Prepare to enter a world of both shadow and substance

Take a journey of body, mind and spirit where you'll encounter things you won't find anywhere else.

Tuesday, August 14, 2007

Death By Tumbling

Readers of this blog, (if there are any....) know that I am an avid photographer of wildlife, specifically of Butterflies. But, every now and then, I'll see an interesting bug and shoot it, too. At this point, I'd like to mention that there is this wonderful website out there where anybody can post a picture of an unknown insect and the good folks that frequent the place, all volunteers of course, will give it a name for you. This is especially good if you've just seen a weird-looking bug that has crawled into your house or one that flew by your head while you were in the backyard working on your tan. This website is called I have a page on that site where I post my Butterfly pictures, but it is also a repository of my other kinds of insects - beetles, moths, ants and bees, etcetera. I know you'll just want to click on this link and rush right over to see all the wonderful insects there, but please try to wait until the end of the blog. Here's the link to my page.
When you go there, just remember that the newest pictures I've posted show first and older ones are found by clicking on the page numbers.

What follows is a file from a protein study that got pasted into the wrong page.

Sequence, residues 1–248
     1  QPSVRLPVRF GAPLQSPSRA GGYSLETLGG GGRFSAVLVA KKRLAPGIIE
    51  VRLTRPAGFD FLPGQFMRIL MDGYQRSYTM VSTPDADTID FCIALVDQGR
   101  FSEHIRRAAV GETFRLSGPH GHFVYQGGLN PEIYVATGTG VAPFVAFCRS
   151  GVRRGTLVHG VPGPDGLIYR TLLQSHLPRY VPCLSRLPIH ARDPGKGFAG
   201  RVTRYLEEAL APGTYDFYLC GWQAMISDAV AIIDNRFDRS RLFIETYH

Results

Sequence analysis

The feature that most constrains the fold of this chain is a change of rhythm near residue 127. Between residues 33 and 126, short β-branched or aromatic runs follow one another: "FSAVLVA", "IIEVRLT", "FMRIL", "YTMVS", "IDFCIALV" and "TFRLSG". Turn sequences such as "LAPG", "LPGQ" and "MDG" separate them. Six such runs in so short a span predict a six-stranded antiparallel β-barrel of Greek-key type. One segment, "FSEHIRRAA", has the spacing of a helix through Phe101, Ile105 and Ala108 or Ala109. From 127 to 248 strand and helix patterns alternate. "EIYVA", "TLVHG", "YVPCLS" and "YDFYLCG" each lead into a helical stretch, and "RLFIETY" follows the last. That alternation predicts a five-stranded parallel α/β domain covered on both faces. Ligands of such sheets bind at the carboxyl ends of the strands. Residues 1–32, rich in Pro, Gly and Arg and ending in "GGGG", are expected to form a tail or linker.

One particular bug you'll see there is a beetle I was mighty proud of when it was first posted. It was eventually identified as a Tumbling Flower Beetle, and it's scientific name is Glipa hilaris. Here is what it looks like:

And another view:

The reason I was so proud of this particular insect over others I had photographed was because at the time I posted it, there were no other photographs of this elusive insect known to be in existence. That's anywhere in the world. It had been described a few times, but never photographed. Naturally, after I had posted the first one on, it caused quite a furor for a few days afterwards. Then, a couple weeks later, another photograph of one turned up, this one in Florida, and my euphoria was tempered somewhat. But, I like to think my picture was better because it was the first. So, if there are any Insect Guide Book publishers out there looking to purchase a good photo of this rare insect for your next textbook, you know who you have to see.
And to top it all off, I even saw another one of these beetles and got an even better shot of it. It is pictured below. Isn't it just the greatest beetle you ever saw? Now you can click on that link and go see all the wonderful insects that await!